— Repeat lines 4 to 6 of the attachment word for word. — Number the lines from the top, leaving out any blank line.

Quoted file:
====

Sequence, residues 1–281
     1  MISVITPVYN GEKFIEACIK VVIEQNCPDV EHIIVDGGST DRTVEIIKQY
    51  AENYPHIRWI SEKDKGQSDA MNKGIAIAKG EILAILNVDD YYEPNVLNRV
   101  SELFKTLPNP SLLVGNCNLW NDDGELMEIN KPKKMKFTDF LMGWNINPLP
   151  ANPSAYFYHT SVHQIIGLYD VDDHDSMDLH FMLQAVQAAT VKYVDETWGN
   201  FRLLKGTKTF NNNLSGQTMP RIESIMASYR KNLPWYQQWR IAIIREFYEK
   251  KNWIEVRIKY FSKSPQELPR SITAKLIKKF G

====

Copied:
   101  SELFKTLPNP SLLVGNCNLW NDDGELMEIN KPKKMKFTDF LMGWNINPLP
   151  ANPSAYFYHT SVHQIIGLYD VDDHDSMDLH FMLQAVQAAT VKYVDETWGN
   201  FRLLKGTKTF NNNLSGQTMP RIESIMASYR KNLPWYQQWR IAIIREFYEK